Roma

2018 [SPANISH]

Action / Drama

112
Rotten Tomatoes Critics - Certified Fresh 96% · 409 reviews
Rotten Tomatoes Audience - Upright 72% · 5K ratings
IMDb Rating 7.7/10 10 169828 169.8K

Top cast

Jen Taylor as 20s Chinese Reporter
720p.BLU 1080p.BLU 720p.WEB 1080p.WEB 2160p.WEB.x265
1.21 GB
1280*534
Spanish 2.0
R
23.976 fps
2 hr 15 min
Seeds 14
2.4 GB
1920*800
Spanish 5.1
R
23.976 fps
2 hr 15 min
Seeds 43
1.13 GB
1280*534
Spanish 2.0
R
23.976 fps
2 hr 15 min
Seeds 5
2.17 GB
1920*800
Spanish 2.0
R
23.976 fps
2 hr 15 min
Seeds 19
6.02 GB
3840*2160
Spanish 5.1
R
23.976 fps
2 hr 14 min
Seeds 12

Movie Reviews

Reviewed by evanston_dad 9 / 10

Already Want to See It Again

I already want to see "Roma" again.

It took me a good while to settle into the rhythms of Alfonso Cuaron's critically acclaimed new film, and by the time I did I wanted to go back and start it over to see what I might have missed. A lot comes at the viewer in "Roma," and it's hard to take it all in on a first viewing. No...that's the wrong way to put it. Nothing comes at you -- you have to go after it. That's what makes "Roma" unique. Cuaron crams his frame in any given scene with tons of movement and sound, but he shoots almost everything in medium and long shots and chooses to pan his camera rather than insert a lot of edits. The result is you have to decide what you want to look at, and while the main protagonist is in virtually every scene, she's not always necessarily the focal point.

That protagonist, by the way, is Cleo, maid to a wealthy family and played in a quiet and quietly devastating performance by Yalitza Aparicio. "Roma" is an episodic assemblage of scenes that shows what life is like for Cleo, without big showy emotional moments or much editorializing. She's treated fairly well by the family she works for, but make no mistake -- they rarely let her forget she's their employee. The film is a lot about privilege. The family treats Cleo as one of their own when they feel like it or when it's convenient to, but don't when it's not. She's part of their most intimate moments and they her's, but she'll never really be one of them. She has much to take care of, but nothing of her own to really care for. And there's a big wide world out there, the movie makes clear, that will never include people like Cleo.

For a while I was a little disappointed that I wasn't feeling "Roma" as much as I wanted to and as much as rapturous reviews led me to believe I would. I was engaged by it, but I didn't feel heavily involved emotionally. But then pretty far into the movie something happens to Cleo, and in that moment I realized how invested I was in how things turned out for her. "Roma" sneaks up on you in that way.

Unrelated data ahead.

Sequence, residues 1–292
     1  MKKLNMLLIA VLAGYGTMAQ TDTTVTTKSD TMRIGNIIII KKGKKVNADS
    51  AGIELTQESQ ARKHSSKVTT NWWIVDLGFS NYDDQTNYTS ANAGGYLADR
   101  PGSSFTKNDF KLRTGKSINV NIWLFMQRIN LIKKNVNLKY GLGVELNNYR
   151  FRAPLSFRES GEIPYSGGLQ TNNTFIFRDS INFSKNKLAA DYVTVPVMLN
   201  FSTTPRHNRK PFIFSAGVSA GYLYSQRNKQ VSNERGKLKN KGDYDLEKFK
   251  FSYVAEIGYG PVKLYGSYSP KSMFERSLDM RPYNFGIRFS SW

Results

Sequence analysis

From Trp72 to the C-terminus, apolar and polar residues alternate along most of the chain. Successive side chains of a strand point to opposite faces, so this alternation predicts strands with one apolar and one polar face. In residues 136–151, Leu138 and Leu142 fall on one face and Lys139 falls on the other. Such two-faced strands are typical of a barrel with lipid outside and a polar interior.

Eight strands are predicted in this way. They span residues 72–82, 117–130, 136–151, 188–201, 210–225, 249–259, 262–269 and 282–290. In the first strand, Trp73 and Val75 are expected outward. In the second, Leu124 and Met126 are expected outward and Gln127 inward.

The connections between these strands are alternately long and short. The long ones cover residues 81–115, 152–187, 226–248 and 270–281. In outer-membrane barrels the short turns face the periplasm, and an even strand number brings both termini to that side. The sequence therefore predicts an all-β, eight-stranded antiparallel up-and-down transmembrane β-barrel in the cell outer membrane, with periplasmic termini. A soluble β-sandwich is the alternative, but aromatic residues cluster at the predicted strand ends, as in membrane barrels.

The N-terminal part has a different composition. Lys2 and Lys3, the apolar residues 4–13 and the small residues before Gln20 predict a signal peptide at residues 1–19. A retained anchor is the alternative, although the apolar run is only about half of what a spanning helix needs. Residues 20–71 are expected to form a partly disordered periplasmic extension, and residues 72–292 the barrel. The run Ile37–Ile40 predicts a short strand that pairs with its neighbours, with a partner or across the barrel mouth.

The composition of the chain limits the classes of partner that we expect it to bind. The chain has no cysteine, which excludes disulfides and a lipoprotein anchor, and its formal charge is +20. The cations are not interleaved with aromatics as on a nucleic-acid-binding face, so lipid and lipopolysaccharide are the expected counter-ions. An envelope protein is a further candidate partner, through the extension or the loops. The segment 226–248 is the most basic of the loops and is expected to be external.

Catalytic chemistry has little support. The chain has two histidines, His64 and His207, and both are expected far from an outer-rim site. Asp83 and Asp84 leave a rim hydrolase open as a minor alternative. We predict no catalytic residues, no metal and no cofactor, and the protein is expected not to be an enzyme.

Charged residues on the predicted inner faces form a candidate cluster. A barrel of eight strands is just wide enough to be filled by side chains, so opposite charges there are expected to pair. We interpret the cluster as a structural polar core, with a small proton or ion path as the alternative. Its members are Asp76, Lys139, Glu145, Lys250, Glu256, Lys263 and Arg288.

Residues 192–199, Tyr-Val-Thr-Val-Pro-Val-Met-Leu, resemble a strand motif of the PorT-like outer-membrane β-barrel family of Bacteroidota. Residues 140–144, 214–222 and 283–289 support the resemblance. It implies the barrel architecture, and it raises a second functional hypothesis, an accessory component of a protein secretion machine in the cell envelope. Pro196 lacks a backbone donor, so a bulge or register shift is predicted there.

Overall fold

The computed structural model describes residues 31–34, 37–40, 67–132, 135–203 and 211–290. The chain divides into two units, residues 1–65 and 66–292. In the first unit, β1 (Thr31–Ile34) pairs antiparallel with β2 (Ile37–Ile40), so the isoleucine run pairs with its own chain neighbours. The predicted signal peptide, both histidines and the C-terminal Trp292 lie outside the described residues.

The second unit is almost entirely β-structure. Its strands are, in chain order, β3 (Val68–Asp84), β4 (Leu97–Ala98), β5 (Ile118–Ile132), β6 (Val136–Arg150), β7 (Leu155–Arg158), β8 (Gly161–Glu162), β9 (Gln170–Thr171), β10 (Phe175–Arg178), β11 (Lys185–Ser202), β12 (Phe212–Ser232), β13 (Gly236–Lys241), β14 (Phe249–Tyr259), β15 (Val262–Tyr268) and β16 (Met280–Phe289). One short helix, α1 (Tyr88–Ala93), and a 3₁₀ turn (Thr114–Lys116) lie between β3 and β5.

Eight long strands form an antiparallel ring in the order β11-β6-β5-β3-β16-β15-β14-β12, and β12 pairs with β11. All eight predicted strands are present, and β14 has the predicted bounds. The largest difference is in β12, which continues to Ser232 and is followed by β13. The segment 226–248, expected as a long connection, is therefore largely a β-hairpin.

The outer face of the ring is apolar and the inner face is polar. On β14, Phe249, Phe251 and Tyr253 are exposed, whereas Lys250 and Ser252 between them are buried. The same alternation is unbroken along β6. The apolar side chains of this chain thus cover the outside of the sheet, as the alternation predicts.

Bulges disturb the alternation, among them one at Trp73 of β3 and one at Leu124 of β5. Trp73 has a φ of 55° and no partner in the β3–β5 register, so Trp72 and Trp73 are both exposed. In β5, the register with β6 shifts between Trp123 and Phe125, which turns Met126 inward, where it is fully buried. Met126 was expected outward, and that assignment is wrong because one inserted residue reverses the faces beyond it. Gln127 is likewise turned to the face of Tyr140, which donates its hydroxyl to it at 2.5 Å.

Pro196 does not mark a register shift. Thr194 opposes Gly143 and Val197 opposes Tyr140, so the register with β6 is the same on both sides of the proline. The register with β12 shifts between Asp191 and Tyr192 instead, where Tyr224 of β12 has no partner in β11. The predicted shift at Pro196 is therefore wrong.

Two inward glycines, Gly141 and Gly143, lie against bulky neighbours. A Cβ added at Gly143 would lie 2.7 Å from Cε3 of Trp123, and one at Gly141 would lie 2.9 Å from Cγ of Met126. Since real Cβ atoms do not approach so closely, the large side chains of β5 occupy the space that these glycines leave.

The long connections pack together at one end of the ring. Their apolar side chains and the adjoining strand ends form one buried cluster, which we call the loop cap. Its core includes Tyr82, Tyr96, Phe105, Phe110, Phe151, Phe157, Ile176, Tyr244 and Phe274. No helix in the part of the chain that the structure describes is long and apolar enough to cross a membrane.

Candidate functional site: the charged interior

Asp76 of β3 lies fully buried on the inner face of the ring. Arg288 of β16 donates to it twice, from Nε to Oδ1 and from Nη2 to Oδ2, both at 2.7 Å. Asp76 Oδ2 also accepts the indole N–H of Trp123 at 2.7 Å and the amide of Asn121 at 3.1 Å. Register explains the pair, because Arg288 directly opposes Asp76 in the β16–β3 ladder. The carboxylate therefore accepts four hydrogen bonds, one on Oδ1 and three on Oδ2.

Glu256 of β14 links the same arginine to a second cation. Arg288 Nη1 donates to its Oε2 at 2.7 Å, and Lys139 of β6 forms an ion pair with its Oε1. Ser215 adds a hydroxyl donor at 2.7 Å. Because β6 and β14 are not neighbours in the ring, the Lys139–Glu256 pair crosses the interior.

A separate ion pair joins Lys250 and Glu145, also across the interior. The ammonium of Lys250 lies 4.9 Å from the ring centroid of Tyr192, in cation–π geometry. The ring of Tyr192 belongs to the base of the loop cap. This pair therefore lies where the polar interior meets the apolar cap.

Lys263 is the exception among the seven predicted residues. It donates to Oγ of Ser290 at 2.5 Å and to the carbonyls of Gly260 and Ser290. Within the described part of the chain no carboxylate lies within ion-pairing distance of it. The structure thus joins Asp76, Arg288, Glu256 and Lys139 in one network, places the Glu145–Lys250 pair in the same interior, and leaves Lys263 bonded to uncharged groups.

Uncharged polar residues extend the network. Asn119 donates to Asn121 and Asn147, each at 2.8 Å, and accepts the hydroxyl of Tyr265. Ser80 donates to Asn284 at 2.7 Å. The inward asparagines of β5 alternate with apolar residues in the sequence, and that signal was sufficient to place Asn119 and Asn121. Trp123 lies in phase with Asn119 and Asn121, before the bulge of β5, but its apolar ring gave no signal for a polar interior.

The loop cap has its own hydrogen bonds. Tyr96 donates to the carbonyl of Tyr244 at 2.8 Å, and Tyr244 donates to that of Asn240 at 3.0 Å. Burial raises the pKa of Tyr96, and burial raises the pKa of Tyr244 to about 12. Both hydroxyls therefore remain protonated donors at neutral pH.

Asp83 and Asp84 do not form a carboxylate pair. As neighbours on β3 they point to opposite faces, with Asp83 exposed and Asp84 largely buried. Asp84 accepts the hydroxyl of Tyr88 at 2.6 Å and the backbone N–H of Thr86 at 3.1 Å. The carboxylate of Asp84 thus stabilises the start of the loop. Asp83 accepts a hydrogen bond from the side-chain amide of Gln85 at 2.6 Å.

Grade: A

Reviewed by Leofwine_draca 5 / 10

Didn't see the fuss

ROMA is a 'snapshot of life' style movie from director Alfonso Cuaron, one which has received plenty of acclaim recently as well as the award for best foreign language film at the Oscars. Still, what do they know? For me, ROMA is a typical kind of movie, not particularly powerful or hard-hitting, and flawed to say the least. Cuaron has done much better with the likes of CHILDREN OF MEN and even HARRY POTTER AND THE PRISONER OF AZKABAN. The film follows an ordinary poor family and their nanny as they go through a period of social upheaval in Mexico in the 1960s and 1970s. Naturalistic performances from an unknown cast count towards it, but the story is episodic and stretched out and the decision to shoot in black and white robs it of vitality. It's better than GRAVITY, but that's not saying much.

Reviewed by SnoopyStyle 7 / 10

observational

Cleo Gutiérrez is one of two maids working for an affluent family in Mexico City. There is marital difficulties as the husband Antonio leaves for Quebec City. Cleo's boyfriend disappears after she tells him about her pregnancy.

The black and white cinematography is terrific. The movie starts looking good but horribly slow. It's the slowest of art house movies. It borders on pretentious. Then Cleo starts to have more to do than simply mop the floor. It's interesting to have a non-actor be the lead but it's also limiting. The movie builds up its story until an epic street battle. I like almost everything about that sequence except holding the last scene on that couple in the streets. The power of seeing the horror indirectly is completely obliterated by pointing the camera at the specific aftermath. There is also the drowning scene. It's too obvious. Again, filmmaker Alfonso Cuarón is pushing the point too hard. It's in your face and he can do better. There is also something awkward about being that obvious when the shooting style is so observational. They are minor bumps in an otherwise compelling ride.

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